Guadeloupe: History, Culture & Economy

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Guadeloupe (French pronunciation: [ɡwadəlup]; English: /ɡwɑːdəˈluːp/; Antillean Creole: Gwadloup) is an archipelagolocated in the Leeward Islands, in the Lesser Antilles, with a land area of 1,628 square kilometres (629 sq. mi) and a population of 400,000. It is the first overseas region of France, consisting of a single overseas department. As with the other overseas departments, Guadeloupe is also one of the twenty-six regions of France (being an overseas region) and an integral part of the Republic since 2007.

As part of France, Guadeloupe is part of the European Union; hence, as for most EU countries, its currency is the euro. However, Guadeloupe is not part of the Schengen Area. The prefecture and the capital of Guadeloupe is Basse-Terre. Christopher Columbus named the island Santa María de Guadalupe in 1493 after the Virgin Mary, venerated in the Spanish town of Guadalupe, in Extremadura.

Sighted by Christopher Columbus in 1493, Guadeloupe was only feebly colonized by the Spanish and was finally abandoned in 1604. In 1635 settlement was begun by the French, who eliminated the native Caribs and imported slaves from Africa for plantation work. By the end of the 17th century, Guadeloupe was a leading world sugar producer and one of France’s most valuable colonies. The islands were hotly contested with the English until they were confirmed as French possessions in 1815.

During World War II, Guadeloupe at first adhered to the Vichy regime in France, but an accord with the United States in 1942 led to its support of the Free French. In 1946 the colony of Guadeloupe became an overseas department of France, and in 1974 it became an administrative center. Its deputies sit in the French National Assembly in Paris.

Guadeloupe’s culture is probably best known for the islanders’ literary achievements, particularly the poetry of Saint-John Perse, the pseudonym used by Alexis Léger. Perse won the 1960 Nobel Prize in Literature “for the soaring flight and the evocative images of his poetry, which, in a visionary fashion, reflects the conditions of our time.”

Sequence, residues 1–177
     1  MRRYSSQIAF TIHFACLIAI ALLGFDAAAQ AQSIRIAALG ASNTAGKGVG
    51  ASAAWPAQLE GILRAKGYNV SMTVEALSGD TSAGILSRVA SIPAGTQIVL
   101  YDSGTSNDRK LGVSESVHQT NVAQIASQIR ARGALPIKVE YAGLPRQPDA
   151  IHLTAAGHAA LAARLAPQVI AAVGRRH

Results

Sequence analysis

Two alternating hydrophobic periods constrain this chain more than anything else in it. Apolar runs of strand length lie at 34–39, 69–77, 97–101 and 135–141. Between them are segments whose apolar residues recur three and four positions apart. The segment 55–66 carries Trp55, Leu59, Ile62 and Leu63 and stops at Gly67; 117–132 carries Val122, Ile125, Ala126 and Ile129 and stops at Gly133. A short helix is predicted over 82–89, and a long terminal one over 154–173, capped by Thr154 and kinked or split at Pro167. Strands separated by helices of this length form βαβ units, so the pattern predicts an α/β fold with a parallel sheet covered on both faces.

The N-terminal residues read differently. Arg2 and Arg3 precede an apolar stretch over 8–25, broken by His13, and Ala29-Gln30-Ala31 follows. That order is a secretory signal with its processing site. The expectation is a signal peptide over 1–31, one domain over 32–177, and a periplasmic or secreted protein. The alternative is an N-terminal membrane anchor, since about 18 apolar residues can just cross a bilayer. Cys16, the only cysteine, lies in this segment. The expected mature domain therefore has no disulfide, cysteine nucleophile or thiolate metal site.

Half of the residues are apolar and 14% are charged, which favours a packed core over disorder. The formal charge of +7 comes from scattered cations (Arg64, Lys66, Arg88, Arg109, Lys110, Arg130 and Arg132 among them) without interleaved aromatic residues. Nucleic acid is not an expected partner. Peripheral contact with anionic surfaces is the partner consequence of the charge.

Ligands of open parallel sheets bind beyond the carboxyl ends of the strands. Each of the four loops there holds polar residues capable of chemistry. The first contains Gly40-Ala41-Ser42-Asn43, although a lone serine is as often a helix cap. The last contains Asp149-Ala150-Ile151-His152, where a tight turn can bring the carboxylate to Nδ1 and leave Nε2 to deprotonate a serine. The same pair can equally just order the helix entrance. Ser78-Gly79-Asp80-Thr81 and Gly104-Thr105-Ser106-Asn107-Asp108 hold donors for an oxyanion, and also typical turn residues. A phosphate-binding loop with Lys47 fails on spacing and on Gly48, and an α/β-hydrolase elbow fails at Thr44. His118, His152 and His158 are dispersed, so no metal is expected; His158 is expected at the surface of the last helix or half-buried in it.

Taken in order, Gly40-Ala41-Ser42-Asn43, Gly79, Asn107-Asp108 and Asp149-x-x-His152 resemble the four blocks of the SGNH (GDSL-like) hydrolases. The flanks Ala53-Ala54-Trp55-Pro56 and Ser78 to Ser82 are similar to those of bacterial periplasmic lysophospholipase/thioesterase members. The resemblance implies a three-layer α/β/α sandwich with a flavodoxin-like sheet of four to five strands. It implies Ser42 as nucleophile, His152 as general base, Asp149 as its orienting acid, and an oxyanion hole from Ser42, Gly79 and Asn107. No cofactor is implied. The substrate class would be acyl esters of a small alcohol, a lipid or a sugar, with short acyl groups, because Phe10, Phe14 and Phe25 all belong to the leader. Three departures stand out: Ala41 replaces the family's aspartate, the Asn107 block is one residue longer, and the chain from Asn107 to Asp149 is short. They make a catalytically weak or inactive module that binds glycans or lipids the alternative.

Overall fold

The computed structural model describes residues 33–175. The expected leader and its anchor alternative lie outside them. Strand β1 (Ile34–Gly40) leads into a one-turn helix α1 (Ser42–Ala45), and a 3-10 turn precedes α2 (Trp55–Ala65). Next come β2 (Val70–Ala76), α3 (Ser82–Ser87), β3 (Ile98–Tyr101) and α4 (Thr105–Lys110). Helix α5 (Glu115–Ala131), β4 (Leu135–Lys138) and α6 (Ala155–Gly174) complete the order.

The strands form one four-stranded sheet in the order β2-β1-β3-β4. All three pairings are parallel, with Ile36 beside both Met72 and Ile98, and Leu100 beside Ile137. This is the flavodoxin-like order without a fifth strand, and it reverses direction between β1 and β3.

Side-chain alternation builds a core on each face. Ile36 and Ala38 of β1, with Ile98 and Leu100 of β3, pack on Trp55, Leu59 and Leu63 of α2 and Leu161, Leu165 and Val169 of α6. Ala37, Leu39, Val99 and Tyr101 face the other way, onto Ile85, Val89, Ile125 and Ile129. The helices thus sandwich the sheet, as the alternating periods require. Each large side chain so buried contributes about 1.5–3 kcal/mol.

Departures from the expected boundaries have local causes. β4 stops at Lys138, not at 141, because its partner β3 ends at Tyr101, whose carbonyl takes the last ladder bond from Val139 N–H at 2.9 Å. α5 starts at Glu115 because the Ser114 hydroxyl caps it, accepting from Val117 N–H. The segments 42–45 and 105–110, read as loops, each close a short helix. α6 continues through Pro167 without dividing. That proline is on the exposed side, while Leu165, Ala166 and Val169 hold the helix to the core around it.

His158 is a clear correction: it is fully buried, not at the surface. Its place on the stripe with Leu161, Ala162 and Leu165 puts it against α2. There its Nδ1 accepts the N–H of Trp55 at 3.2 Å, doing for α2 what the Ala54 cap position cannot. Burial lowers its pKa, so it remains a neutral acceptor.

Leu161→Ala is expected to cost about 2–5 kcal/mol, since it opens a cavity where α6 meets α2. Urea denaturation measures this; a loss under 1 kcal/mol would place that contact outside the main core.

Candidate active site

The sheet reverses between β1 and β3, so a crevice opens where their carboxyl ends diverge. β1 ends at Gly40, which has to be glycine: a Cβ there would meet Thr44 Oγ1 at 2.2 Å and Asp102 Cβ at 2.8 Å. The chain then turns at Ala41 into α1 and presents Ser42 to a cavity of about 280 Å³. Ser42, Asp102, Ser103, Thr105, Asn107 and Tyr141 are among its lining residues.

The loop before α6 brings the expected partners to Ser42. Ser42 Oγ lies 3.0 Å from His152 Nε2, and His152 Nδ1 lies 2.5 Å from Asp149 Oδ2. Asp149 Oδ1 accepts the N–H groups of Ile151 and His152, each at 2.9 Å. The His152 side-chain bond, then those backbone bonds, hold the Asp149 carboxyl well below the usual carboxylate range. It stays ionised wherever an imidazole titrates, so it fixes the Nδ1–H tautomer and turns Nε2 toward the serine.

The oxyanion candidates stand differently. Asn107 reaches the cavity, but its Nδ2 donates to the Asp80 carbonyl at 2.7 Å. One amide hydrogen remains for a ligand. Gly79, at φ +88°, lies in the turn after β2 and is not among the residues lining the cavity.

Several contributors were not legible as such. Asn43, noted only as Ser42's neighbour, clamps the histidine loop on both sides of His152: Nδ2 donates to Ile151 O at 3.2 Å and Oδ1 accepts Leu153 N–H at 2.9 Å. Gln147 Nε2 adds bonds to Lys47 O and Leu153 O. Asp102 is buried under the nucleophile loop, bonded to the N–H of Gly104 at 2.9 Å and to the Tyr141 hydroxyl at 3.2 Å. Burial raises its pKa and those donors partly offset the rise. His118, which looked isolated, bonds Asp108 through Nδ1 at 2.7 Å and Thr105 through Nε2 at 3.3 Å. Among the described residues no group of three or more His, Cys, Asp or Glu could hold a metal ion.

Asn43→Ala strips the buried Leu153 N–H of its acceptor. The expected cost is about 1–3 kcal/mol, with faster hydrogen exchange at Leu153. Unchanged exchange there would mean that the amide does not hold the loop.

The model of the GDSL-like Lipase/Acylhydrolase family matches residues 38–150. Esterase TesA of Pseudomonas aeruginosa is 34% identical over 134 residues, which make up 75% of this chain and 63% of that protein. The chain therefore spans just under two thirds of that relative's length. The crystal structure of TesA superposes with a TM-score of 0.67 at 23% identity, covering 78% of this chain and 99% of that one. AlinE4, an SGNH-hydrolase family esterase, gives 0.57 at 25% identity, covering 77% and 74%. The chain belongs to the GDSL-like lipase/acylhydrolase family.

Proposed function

Guadeloupe has always had a rich literary production prolonged today by many living writers, poets, novelists, essayists and journalists, among them Mesdames Maryse Condé and Simone Schwartz-Bart, M. Ernest Pépin.

Also culturally important are the arts, particularly painting and sculpture. Famous painters and/or sculptors include Michel Rovelas, Claudie Cancelier, Jean-Claude Echard, Christian Bracy, Roger Arekian, les Frères Baptiste, Michelle Chomereau-Lamothe, Léogane, Pédurand, Nicole Réache, Richard-Viktor Sainsily.

Tourism is the major industry, and the majority of people are employed in the service sector. Agriculture and sugar and rum production are also important. Basse-Terre, volcanic in origin and extremely rugged, is settled along the coasts and produces bananas, other tropical fruits and vegetables, coffee, cacao, and vanilla beans. Grande-Terre has low limestone cliffs and little rainfall; sugar and rum are its chief products. There also is subsistence farming, livestock raising, and fishing. Additionally, France provides many subsidies and necessities to Guadeloupe.

Notes from Wikipedia and Answers.com

A'Keiba Burrell
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